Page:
Promise lurks inside this entertaining, wordy and densely populated mystery of unsettled spirits and family ancestry.


A mysterious death and ghostly sightings stir up a small Illinois town.

A muddied, dead body turns up at the intersection of Dell Road and the Jesse Kay Memorial Bridge in Billins, Ill., a sleepy hamlet renowned for its mysterious, unexplained occurrences. The corpse turns out to be that of Peter “Stinky Pete” Weldon, an aging, reformed town troublemaker. To most of the citizens, including the police, his death doesn’t come as a surprise since Weldon and his family had many run-ins with the law, as well as “connections to unusual and unexplained events.” The news startles local veteran police chief, William “Goots” Killen, who learns that the cause of Weldon’s demise is inconclusive except for a few defensive cuts and bruises. Word travels fast, and the death renews statewide interest in Billins, especially for Chicago-based, paranormal-obsessed, newspaper reporter (and possible mobster’s daughter) Connie Danci, who heads into town to uncover the truth. Eyewitness Janet Beverly reported seeing an apparition near the bridge where Weldon was found. Locals know this vision as the “ghost girl,” the spirit of Elizabeth Finney, a young child who had died 50 years ago on the Kay Bridge. Meanwhile, haunting dreams and strange happenings torture Weldon’s daughter, high school sophomore Jessica Lyons, who has her own personal demons to sort, thanks to a violent past and a shady family. Amid old secrets, haunted houses, unearthed bones and devil dogs, the story introduces a host of extraneous townsfolk (even in its final pages) and sheds light on Dell Road’s otherworldly hokum through chapters of lumpy prose. Though McNabb could have pruned his narrative down for clarity and character cohesiveness, the chugging plot keeps the reading lively.

Promise lurks inside this entertaining, wordy and densely populated mystery of unsettled spirits and family ancestry.

Pub Date: Oct. 24, 2007

ISBN: 978-0595702701

Page Count: 373

Publisher: iUniverse

Review Posted Online: Sept. 14, 2010

Did you like this book?

No Comments Yet

More about grief and tragedy than romance.


Five friends meet on their first day of kindergarten at the exclusive Atwood School and remain lifelong friends through tragedy and triumph.

When Gabby, Billy, Izzie, Andy and Sean meet in the toy kitchen of the kindergarten classroom on their first day of school, no one can know how strong the group’s friendship will remain. Despite their different personalities and interests, the five grow up together and become even closer as they come into their own talents and life paths. But tragedy will strike and strike again. Family troubles, abusive parents, drugs, alcohol, stress, grief and even random bad luck will put pressure on each of them individually and as a group. Known for her emotional romances, Steel makes a bit of a departure with this effort that follows a group of friends through young adulthood. But even as one tragedy after another befalls the friends, the impact of the events is blunted by a distant narrative style that lacks emotional intensity.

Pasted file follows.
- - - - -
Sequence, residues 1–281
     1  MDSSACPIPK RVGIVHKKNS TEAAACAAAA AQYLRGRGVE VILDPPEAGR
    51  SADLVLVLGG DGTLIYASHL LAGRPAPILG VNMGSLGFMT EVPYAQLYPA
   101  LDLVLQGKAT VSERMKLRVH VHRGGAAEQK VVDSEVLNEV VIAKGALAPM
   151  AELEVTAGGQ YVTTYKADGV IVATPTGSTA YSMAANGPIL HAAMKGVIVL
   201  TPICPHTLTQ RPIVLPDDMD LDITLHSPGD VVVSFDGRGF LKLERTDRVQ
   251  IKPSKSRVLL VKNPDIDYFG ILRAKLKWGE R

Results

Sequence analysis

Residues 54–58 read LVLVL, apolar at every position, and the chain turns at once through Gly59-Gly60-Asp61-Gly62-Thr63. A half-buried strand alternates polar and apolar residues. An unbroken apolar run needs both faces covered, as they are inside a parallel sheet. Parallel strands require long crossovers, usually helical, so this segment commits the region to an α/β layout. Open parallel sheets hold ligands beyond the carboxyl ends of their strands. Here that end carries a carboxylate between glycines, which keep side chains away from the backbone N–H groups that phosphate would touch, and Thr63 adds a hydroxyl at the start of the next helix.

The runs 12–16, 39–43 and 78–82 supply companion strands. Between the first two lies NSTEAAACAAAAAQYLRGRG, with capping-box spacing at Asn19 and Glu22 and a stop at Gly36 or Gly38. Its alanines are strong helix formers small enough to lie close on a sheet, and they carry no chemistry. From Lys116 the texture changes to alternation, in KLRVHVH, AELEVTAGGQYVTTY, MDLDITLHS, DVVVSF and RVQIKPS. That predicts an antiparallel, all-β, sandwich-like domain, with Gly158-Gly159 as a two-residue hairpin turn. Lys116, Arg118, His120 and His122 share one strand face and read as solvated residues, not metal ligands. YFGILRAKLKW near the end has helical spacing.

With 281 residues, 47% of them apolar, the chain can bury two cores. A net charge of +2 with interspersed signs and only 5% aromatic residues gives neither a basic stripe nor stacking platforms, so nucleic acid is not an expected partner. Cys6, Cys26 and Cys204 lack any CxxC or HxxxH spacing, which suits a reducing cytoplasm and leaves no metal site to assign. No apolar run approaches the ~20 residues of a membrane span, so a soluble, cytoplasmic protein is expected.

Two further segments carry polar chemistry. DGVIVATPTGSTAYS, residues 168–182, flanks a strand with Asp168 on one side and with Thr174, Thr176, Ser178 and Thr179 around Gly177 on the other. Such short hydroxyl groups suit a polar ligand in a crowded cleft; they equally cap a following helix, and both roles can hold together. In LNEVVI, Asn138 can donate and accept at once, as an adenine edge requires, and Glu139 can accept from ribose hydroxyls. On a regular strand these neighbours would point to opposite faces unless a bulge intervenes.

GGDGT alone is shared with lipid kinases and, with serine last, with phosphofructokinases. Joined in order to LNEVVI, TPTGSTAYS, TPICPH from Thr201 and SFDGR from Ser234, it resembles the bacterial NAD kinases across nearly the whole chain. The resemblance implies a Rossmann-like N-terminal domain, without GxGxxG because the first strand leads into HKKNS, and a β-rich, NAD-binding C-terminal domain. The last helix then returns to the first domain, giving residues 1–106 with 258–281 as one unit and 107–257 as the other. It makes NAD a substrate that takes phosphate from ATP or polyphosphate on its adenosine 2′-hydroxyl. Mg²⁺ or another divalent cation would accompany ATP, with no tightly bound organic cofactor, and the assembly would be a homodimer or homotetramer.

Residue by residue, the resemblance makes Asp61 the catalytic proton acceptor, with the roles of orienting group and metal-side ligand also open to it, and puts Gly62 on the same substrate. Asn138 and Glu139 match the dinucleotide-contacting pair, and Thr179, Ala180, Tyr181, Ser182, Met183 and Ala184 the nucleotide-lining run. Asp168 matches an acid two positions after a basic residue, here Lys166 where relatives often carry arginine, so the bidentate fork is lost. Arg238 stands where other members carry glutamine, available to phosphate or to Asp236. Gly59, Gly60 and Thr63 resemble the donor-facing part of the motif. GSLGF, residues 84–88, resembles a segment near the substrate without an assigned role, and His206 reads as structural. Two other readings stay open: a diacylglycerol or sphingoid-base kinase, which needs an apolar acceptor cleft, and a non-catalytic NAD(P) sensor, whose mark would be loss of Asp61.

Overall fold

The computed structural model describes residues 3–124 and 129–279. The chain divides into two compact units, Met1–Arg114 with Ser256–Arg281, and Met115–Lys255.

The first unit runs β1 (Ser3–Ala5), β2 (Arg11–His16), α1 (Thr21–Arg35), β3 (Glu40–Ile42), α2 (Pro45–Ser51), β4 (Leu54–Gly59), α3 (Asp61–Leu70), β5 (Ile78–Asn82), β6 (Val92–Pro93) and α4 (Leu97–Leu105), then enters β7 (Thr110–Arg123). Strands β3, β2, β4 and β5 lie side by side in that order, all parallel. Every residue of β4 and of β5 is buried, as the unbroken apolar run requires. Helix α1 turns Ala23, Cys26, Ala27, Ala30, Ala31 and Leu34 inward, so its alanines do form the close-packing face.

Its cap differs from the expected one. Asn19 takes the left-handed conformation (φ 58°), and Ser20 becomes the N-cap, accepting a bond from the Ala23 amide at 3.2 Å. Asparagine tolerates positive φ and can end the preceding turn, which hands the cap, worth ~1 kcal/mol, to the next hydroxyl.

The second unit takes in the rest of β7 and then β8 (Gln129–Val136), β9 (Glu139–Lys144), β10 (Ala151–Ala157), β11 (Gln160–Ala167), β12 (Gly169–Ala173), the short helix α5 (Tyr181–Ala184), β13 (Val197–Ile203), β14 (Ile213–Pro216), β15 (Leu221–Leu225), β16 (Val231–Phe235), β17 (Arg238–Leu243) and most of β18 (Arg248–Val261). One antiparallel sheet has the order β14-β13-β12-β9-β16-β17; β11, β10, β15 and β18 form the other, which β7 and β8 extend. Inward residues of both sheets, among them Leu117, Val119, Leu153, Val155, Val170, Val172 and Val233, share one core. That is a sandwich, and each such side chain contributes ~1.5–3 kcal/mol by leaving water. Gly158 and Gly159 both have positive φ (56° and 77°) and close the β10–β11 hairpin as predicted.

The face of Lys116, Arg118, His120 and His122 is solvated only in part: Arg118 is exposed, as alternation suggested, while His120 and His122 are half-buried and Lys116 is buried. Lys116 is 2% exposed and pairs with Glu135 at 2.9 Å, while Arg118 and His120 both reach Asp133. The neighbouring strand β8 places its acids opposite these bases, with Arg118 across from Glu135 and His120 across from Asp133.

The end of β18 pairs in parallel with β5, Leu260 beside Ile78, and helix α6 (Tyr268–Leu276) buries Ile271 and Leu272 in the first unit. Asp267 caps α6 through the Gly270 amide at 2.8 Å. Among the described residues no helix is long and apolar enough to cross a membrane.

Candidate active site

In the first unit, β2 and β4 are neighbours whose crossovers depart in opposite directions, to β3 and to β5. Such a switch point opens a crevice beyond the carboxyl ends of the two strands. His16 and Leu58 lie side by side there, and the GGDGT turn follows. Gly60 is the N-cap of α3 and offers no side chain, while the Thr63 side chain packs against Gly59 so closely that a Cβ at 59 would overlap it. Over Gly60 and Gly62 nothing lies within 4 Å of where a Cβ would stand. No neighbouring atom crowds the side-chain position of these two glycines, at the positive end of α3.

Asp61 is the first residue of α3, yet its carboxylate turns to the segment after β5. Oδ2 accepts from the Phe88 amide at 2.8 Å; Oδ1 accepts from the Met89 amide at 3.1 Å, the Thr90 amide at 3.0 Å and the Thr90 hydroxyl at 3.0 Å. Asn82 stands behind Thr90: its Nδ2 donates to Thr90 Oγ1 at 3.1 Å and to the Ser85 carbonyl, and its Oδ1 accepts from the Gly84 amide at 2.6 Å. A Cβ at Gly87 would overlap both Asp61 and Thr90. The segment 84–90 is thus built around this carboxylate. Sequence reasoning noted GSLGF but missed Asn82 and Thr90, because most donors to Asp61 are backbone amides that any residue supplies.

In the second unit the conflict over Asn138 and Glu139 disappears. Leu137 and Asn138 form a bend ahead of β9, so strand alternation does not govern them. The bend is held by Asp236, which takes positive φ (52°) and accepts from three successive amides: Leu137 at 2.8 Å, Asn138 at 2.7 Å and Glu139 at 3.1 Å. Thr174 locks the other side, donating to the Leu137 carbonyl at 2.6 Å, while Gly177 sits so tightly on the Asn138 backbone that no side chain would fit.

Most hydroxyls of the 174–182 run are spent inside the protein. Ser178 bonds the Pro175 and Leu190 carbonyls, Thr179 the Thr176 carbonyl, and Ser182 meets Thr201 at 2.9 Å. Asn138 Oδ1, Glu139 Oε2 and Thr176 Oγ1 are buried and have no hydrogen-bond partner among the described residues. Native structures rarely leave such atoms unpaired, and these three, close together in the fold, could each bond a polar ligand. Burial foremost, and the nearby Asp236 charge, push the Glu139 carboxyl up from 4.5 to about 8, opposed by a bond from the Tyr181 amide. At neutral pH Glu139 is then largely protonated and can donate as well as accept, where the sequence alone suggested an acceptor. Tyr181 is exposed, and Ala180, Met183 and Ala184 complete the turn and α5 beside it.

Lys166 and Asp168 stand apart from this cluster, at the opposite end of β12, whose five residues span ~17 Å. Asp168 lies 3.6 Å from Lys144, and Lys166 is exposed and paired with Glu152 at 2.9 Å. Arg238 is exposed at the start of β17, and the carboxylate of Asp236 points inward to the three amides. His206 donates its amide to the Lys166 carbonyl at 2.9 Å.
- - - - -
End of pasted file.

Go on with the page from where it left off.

More about grief and tragedy than romance.

Pub Date: July 24, 2012

ISBN: 978-0-385-34321-3

Page Count: 322

Publisher: Delacorte

Review Posted Online: Nov. 14, 2012

Kirkus Reviews Issue: Dec. 1, 2012

Did you like this book?

No Comments Yet

The phrase “tour de force” could have been invented for this audacious novel.

Our Verdict

  • Our Verdict
  • GET IT

  • Kirkus Reviews'
    Best Books Of 2015

  • Kirkus Prize
  • Kirkus Prize

  • National Book Award Finalist


Four men who meet as college roommates move to New York and spend the next three decades gaining renown in their professions—as an architect, painter, actor and lawyer—and struggling with demons in their intertwined personal lives.

Yanagihara (The People in the Trees, 2013) takes the still-bold leap of writing about characters who don’t share her background; in addition to being male, JB is African-American, Malcolm has a black father and white mother, Willem is white, and “Jude’s race was undetermined”—deserted at birth, he was raised in a monastery and had an unspeakably traumatic childhood that’s revealed slowly over the course of the book. Two of them are gay, one straight and one bisexual. There isn’t a single significant female character, and for a long novel, there isn’t much plot. There aren’t even many markers of what’s happening in the outside world; Jude moves to a loft in SoHo as a young man, but we don’t see the neighborhood change from gritty artists’ enclave to glitzy tourist destination. What we get instead is an intensely interior look at the friends’ psyches and relationships, and it’s utterly enthralling. The four men think about work and creativity and success and failure; they cook for each other, compete with each other and jostle for each other’s affection. JB bases his entire artistic career on painting portraits of his friends, while Malcolm takes care of them by designing their apartments and houses. When Jude, as an adult, is adopted by his favorite Harvard law professor, his friends join him for Thanksgiving in Cambridge every year. And when Willem becomes a movie star, they all bask in his glow. Eventually, the tone darkens and the story narrows to focus on Jude as the pain of his past cuts deep into his carefully constructed life.  

The phrase “tour de force” could have been invented for this audacious novel.

Pub Date: March 10, 2015

ISBN: 978-0-385-53925-8

Page Count: 720

Publisher: Doubleday

Review Posted Online: Dec. 22, 2014

Kirkus Reviews Issue: Jan. 1, 2015

Did you like this book?